Elyse H.: Should we go back to Susan talking about a library in Florida, where to borrow different braille books?

Vileen S.: Okay, yeah let's take that.

Elyse H.: Okay.

Vileen S.: For beginner learners you may want to wait because it takes time to get to the books and read them until you finish learning contracted braille. That is a long way to go. I'm not trying to scare you and I'm not at all discouraging anybody, but I like to be realistic and if that learner-

Susan: [crosstalk]

Vileen S.: ... if they're doing Braille Literacy 1 and 2, then you still have a long way to go. In Braille Literacy 3 Hadley course you learn how to read and write braille, but you're still learning what we call uncontracted braille which means you spell out each word. And I say spell out, for those who are new to that let me explain what I mean to say by that.

In contracted braille you do not spell out all words, but you just put some short form, and one or two letters. A combination of two braille signs or in many cases one braille sign represents a group of letters, which means you're not actually going to spell out each word but put that symbol. Most books in the world are published in contracted braille. So your goal should be to learn contracted braille, and the course at Hadley for contracted braille is called Braille Literacy 4.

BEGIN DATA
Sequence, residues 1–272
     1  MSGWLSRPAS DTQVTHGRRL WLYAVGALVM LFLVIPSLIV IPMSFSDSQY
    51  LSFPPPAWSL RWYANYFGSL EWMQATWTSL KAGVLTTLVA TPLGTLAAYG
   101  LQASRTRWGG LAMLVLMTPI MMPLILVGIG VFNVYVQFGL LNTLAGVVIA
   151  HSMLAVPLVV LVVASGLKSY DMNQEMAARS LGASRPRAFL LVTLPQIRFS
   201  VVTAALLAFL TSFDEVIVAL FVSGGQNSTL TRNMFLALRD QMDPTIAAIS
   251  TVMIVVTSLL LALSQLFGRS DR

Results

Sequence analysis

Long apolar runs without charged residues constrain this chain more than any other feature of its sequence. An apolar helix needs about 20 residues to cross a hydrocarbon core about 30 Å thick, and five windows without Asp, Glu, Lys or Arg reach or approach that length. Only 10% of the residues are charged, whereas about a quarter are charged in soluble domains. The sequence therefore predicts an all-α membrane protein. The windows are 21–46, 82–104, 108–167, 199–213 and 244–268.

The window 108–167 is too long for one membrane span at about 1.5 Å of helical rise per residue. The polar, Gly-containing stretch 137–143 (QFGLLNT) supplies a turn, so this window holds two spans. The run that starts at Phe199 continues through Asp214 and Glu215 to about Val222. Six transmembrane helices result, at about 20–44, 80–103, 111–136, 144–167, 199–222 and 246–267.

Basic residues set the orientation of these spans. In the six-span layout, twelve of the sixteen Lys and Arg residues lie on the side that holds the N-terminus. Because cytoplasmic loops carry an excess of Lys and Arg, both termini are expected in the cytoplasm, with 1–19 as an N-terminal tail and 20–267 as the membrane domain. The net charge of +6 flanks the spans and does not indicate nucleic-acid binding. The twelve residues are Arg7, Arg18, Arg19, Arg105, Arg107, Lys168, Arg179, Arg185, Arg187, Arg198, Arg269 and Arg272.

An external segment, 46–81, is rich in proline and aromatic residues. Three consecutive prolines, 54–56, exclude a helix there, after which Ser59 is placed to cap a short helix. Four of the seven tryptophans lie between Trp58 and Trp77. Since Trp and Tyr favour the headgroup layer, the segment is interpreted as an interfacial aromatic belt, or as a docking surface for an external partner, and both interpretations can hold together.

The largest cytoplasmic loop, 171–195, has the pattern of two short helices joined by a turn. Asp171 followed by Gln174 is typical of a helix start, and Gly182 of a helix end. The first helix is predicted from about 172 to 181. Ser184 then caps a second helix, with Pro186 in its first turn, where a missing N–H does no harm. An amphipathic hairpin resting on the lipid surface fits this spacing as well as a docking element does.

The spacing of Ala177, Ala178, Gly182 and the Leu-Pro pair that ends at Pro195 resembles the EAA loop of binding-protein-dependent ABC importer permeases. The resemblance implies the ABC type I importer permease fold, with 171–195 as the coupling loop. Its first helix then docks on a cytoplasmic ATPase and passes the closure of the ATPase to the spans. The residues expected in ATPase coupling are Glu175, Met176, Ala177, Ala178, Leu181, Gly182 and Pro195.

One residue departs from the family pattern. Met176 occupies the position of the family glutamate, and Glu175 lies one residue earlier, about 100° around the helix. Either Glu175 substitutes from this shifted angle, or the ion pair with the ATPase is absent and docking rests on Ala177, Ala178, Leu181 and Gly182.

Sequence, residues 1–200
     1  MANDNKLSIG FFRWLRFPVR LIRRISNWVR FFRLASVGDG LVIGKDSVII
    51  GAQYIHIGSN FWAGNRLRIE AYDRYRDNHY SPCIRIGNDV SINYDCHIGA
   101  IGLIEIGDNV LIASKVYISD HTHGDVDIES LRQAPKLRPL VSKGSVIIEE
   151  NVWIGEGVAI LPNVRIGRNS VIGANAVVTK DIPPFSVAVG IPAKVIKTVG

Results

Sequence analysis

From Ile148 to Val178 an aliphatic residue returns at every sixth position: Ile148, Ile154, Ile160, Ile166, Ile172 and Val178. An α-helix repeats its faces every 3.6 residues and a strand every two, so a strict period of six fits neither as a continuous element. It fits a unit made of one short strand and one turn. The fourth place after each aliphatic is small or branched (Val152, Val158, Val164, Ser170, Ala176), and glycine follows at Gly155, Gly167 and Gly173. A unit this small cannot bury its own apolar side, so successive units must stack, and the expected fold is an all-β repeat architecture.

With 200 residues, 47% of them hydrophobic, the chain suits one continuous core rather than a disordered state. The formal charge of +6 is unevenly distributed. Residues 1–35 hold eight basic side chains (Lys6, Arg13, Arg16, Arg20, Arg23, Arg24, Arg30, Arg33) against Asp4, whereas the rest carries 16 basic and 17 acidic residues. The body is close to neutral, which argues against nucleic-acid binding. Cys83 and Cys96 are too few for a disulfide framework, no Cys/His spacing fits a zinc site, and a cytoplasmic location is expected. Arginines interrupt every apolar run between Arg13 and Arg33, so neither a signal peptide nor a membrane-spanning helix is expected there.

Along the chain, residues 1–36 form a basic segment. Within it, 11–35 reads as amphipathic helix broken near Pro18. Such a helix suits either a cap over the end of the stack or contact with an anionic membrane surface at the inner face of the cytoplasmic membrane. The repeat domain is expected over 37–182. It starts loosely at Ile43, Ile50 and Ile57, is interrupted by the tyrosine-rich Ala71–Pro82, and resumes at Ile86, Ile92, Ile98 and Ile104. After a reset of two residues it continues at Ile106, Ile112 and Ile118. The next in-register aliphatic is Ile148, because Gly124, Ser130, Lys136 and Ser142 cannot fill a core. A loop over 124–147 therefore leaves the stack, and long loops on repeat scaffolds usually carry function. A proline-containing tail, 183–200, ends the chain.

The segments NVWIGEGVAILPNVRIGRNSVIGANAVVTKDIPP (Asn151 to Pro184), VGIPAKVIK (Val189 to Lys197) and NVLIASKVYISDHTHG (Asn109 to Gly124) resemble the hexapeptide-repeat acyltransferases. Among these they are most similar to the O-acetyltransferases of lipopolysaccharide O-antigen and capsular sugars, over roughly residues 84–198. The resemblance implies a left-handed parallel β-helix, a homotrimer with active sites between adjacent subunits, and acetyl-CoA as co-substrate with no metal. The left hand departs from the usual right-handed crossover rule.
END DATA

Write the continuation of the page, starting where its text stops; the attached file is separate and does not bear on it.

Once again, I'm not trying to scare you, but Braille Literacy 4 has 29 lessons. I think it's probably 178 contractions, and then of course that includes all abbreviations as well. Then there are certain rules how to use those contractions. So it takes a little while, but thousands and thousands of people all over the world have learned this contracted braille and are using. So if you're not using, if you have not learned you don't have to worry, you don't have to be discouraged, you will make it.

But at the same time, as I said earlier you may want to keep in mind that you still have a way to go. But those who already know braille and can read books from libraries, NLS is of course the biggest source where you can get the books in braille, then there are other sources, which anybody else who knows. There are some that sell books like Seedling Publication House, that one sells books. National Braille Press, again another resource. But they also sell books, so you have to pay some price.